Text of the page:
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I'm starting to create a user system for my website, and what I want to do is to have the passwords encrypted, rather than plaintext. I'm using PHP/MySQL, so I figured crypt() is a good place to start. However, I'm brand new to cryptography like this, and I'm having trouble understanding exactly how it works. Does anybody know how to implement, at the simplest level, a way for passwords to be stored as an encrypted string, but always be able to be decrypted, without a security issue?

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This has been written about many times, especially after the recent Gawker compromise. I'd recommend that you google terms like "password hashing and salting", do some reading, and then come back to SO if you have specific questions. –  timdev Feb 20 '11 at 18:53
    
Perfectly valid question! Remember when you search for technical information you generally get directed to stackoverflow –  elliotrock Jun 25 at 0:54

7 Answers 7

up vote 4 down vote accepted

Passwords should be hashed, not encrypted. That is, you should not be able to decrpyt the password. Instead, you should compare hashes.

  1. User sets password $password = 'hX4)1z'
  2. You get hash of password and store to DB:

#

$pw = hash_hmac('sha512', 'salt' . $password, $_SERVER['site_key']);
mysql_query('INSERT INTO passwords (pw) VALUES ('$pw');
  1. Customer comes back later. They put in their password, and you compare it:

#

mysql_query('SELECT pw FROM passwords WHERE user_id = ?');
//$pw = fetch

if ($pw == hash_hmac('sha512', 'salt' . $_REQUEST['password'], $_SERVER['site_key']) {

   echo "Logged in";

}
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PHP has some built-in has functions, such as md5(). When I was learning I found IBM's primer very useful - I'd highly recommend looking at that.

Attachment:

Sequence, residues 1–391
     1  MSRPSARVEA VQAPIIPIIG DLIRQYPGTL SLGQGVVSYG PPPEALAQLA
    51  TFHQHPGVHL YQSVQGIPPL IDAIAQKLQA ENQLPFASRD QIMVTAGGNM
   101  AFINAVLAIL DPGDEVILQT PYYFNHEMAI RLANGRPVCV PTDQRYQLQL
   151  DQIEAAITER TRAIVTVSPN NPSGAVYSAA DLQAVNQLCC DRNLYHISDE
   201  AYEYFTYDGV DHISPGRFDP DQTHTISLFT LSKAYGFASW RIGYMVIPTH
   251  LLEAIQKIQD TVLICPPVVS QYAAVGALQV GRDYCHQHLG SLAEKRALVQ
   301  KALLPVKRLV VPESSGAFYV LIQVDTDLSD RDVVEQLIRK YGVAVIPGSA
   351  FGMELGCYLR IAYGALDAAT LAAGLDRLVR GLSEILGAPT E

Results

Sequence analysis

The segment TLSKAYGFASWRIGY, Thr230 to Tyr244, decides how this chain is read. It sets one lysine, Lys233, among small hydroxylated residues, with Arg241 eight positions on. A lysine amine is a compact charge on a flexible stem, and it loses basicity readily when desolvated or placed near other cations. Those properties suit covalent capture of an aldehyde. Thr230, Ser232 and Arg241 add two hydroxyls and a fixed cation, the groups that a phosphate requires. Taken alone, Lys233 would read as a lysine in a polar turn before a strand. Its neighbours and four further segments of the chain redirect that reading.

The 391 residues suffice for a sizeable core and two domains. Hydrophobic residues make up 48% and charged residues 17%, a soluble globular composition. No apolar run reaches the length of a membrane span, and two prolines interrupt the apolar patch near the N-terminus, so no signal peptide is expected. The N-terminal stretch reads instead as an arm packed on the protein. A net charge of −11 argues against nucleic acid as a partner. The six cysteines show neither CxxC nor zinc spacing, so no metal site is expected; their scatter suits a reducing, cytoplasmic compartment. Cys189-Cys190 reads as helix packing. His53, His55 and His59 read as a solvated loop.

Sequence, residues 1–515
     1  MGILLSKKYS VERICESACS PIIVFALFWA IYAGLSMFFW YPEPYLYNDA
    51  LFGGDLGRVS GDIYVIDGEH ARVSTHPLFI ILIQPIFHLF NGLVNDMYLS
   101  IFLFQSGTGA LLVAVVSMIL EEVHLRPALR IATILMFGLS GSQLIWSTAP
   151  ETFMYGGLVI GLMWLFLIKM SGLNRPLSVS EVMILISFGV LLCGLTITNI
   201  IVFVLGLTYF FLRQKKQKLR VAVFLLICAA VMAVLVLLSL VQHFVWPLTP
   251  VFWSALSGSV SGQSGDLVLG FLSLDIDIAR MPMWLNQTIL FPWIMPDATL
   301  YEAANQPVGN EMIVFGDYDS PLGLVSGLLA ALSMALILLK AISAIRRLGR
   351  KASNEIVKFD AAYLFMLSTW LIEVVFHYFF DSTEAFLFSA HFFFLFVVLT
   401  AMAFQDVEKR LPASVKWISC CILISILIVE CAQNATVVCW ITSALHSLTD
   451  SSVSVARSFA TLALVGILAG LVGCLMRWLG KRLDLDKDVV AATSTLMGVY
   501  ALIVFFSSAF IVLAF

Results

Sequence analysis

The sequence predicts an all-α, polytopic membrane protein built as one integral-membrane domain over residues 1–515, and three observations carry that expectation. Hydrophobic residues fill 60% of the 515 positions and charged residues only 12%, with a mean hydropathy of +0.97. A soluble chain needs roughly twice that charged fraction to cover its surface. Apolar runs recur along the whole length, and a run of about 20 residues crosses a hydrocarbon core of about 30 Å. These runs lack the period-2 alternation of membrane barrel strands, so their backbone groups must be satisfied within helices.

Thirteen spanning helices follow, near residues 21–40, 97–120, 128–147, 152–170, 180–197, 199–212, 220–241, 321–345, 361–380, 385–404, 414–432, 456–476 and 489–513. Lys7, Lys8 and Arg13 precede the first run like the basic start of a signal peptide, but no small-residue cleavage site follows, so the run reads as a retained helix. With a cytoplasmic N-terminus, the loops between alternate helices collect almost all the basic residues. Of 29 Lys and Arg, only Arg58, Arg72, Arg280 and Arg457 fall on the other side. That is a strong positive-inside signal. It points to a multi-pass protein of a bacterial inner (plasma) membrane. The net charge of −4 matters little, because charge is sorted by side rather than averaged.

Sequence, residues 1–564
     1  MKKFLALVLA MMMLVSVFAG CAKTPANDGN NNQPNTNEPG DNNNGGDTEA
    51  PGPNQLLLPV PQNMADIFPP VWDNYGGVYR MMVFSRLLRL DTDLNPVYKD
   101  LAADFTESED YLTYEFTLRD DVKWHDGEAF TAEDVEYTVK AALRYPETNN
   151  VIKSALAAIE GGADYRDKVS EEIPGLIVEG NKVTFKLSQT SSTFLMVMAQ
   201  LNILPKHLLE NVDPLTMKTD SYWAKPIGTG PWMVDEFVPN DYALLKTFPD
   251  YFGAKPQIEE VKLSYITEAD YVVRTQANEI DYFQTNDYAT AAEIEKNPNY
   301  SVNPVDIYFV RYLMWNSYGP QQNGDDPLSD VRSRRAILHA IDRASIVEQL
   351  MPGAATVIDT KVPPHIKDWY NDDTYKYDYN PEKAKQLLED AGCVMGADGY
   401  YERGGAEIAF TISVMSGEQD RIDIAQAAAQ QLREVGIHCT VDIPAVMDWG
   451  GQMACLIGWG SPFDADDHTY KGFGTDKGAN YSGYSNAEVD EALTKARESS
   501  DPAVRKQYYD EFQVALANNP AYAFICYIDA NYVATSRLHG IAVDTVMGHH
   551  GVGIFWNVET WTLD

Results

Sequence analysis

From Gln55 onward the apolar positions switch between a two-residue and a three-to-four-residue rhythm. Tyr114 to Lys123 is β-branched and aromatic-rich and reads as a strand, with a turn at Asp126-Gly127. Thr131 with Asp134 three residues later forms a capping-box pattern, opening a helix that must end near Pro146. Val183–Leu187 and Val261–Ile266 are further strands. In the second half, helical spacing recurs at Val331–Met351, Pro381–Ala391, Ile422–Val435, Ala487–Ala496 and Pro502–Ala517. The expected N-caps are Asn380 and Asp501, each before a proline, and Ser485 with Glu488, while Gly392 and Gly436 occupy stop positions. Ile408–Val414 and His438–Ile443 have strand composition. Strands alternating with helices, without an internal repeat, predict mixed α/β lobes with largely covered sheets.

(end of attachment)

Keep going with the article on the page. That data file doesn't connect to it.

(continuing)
As an aside, I would advise against being able to decrypt a password. The only person who should know their password is a user! This is why we store hashed versions of passwords which we can check against, rather than storing encrypted passwords which can be decrypted..

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2  
md5 is not encryption, it's a hash function. there (should not be) is no way to turn an md5 hash back into a password –  James Feb 20 '11 at 19:14
    
Correct, thanks for pointing that out. Edited original answer for pedantry. –  Sam Hogarth Feb 21 '11 at 9:00

I notice people make huge deals about storing passwords.

Agreed you shouldn't store passwords as plain texts, but if you store the one way hash and get rid of the password, hackers can still using algorithms to hack a hash hashing strings and comparing.

Also, if you encrypt with an algorithm that you can decrypt later, that can also be hacked by figuring out the algorithm of the encryption.

I think as long as no one can see the users' passwords outright and you simply make it difficult for hackers you're good, but people say you shouldn't encrypt because it can be decrypted but that's not fair because anything can be hacked.

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You can use md5 or better hashing technique like sha1 See password hashing http://phpsec.org/articles/2005/password-hashing.html for more details.

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I suggest using SHA2 with a salt to store your password.

To create a SHA2 hash, use this:

$hash = hash("sha512", $password.$salt);

A salt contains some extra characters to add to your password before hasing to prevent rainbow tables (databases of passwords and it's hashes). You can create one using a unique user info (like a user_id) or just create a random one and store it somewhere. Just make sure the salt is long enough.

Don't make use of MD5 anymore; it's old. See http://en.wikipedia.org/wiki/MD5#Collision_vulnerabilities for more info.

EDIT: These are one-way hashing algoritms. You can and should not be able to decrypt a password. If you can, then there is no point in using a hash to store passwords.

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No, there is always going to be a security issue with regards to where you store the encryption password. This is why websites never store the hash of the password and not the password itself. When someone registers at your website and they enter the password, you store the hash (MD5 or SHA1 or whatever, as mentioned above) of the password. When they log in later you again hash the password they entered (by the same method used when storing it) and compare. If the hashes are the same then the passwords are the same (with a very high probability!) Any website that lets you recover your password is an insecure website.

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